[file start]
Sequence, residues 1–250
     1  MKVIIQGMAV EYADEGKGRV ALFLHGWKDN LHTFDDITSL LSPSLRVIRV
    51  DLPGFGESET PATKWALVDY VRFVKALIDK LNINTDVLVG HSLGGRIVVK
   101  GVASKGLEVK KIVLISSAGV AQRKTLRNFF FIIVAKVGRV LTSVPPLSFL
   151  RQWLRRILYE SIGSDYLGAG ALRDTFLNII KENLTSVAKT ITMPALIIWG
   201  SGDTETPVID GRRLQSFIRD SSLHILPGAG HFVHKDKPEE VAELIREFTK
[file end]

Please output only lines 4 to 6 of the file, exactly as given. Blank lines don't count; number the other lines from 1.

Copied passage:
   101  GVASKGLEVK KIVLISSAGV AQRKTLRNFF FIIVAKVGRV LTSVPPLSFL
   151  RQWLRRILYE SIGSDYLGAG ALRDTFLNII KENLTSVAKT ITMPALIIWG
   201  SGDTETPVID GRRLQSFIRD SSLHILPGAG HFVHKDKPEE VAELIREFTK